Tuesday, March 06, 2007

Have a fine cloth

I am going to get the U.S. citizenship a few days later. According to Chinese government, double citizenship is not permitted, which means I have to give up Chinese citizenship as soon as I get a foreign citizenship. My friend said, I must very brave to do that. Since she is a Japanese, one shares the similar cultural background with me, I agree with her, it is really a big issue that abandons one's native country.

Indeed, for us, native country is our blood and flesh, how can I cut it off. The day when I cut it off, my physical body is still alive, but my spirit is going to die. Ironically, during the whole process of the nationalization, I never hesitate to do that. Moreover, I pretend that I have no caution about that, as all the Chinese around me have done.

For those Chinese who are living in the America, few of them are not proud that they are in America; for Chinese who are living in China, it is safely to make assumption that more that half of them would come to America immediately if American welcome they free to come.

We come here is not because we love this country, neither so-call pursuing freedom. We have only one ugly goal, making money. It’s so ugly. I believe it is the ugliest thing in the world that abandons self-respect in order to get some cheap benefit.

It’s very painful and shame when I am thinking about that. It is indeed shame regardless how many or how many explanations we could make. Thus, I always avoid thinking.

In ChengDu, the capital city of one of the biggest provinces in China, Sichuan, the average month wage of common workers is two hundred dollars. In my home town, a smaller city, the average month wage is as low as thirty to fifty dollars.

Too poor to care about it is shame or not. Too poor to resist doing anything to change it. In China, when a common young woman wants a fine cloth, she has to spend half of her month wage. I cannot deny that there are many cheap clothes in Chinese markets, but I cannot blame that a young woman wants a fine one. Probably that is also why I feel shame but I still don’t want to blame myself.

I understood that my friend was never trying to hurt me, I feel bad only because she remained me the dark post in my heart. I have had too heavy Chinese traditional influence. Without it, or when it is carefully hided, being a U.S. citizen is entirely a good new for me and my family.


At 9:29 AM , Blogger barry said...

As usual in Cha’s very personal blog a very universal fact of American life is revealed. Loss of identity continues to preoccupy immigrants to America. Through the years much has been written about the feeling of being neither here nor there – not fully American, but not fully what one once was. Cha writes about the pain she is experiencing when contemplating giving up her Chinese citizenship. I was born here so I’m not able to fully feel this loss but I would like to offer a few ideas.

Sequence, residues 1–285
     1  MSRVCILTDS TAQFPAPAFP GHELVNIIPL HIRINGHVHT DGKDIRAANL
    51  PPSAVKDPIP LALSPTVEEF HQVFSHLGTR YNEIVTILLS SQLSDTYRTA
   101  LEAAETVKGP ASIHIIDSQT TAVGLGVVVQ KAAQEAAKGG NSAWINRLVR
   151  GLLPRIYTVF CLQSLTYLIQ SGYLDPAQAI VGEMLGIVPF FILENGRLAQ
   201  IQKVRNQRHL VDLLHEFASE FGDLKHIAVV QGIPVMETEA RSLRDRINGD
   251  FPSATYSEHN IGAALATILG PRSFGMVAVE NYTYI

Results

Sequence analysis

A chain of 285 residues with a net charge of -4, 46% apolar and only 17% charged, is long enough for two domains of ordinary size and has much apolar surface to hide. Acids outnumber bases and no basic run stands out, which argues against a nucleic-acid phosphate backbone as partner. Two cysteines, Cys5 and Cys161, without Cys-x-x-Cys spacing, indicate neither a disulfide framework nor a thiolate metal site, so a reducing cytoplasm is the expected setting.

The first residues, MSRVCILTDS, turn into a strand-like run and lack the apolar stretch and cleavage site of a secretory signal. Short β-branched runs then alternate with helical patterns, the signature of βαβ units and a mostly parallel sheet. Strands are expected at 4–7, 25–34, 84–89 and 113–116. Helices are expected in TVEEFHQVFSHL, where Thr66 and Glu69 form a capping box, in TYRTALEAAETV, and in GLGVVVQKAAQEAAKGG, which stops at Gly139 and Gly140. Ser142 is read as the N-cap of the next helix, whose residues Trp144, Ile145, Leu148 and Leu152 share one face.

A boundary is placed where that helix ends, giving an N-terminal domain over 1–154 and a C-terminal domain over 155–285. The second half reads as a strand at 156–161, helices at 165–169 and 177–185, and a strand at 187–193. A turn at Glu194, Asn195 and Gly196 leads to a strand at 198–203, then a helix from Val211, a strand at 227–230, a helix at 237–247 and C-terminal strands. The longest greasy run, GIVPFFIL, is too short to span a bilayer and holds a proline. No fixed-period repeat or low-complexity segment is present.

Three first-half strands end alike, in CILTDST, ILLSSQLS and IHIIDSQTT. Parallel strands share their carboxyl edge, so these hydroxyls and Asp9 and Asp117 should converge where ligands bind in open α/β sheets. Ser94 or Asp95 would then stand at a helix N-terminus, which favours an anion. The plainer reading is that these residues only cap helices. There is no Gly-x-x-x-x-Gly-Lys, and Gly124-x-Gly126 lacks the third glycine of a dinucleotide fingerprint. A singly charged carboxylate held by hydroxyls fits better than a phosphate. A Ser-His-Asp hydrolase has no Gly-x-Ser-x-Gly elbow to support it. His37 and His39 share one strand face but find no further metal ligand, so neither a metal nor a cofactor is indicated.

Citizenship refers to one’s pledge to obey the laws governing a particular political entity (nation). It is not an identification of one’s cultural identity. There’s a lot not to like about American foreign policy these days but I don’t think that the government of China has a lot to be proud about when it comes to human rights or the rights of the people in Tibet. To Cha I ask, is it important to you to identify yourself with the government in China today or the rich tradition of Chinese Art and poetry? When you take the oath of allegiance to the United States you will swear to uphold the laws of the United States (the Constitution) but you will not swear to change your heart or give up your cultural identity. They may take your passport but no one can take away that which what has formed you. Your brain and spirit have been nurtured by your parents, your experience, a rich education in Chinese language, literature and philosophy, and your experiences in America at the university and with other Americans.

In fact though there are some culural practices or behaviors that can be called “American”, most Americans retain the values that they grew up with, the values that they learned from parents, friends and teachers. You have and will affect other lives with your intelligence, understanding and experience. American culture is enriched and changed by immigrants from all over the world.

If you are living in the U.S. it is difficult not to fall into the materialistic behavior that marks the worst of American culture. But we in America often forget that we have choices. We can deny the materialism and choose to do things here that will allow us to help people in other parts of the world. In 2008 we vote for a new president.


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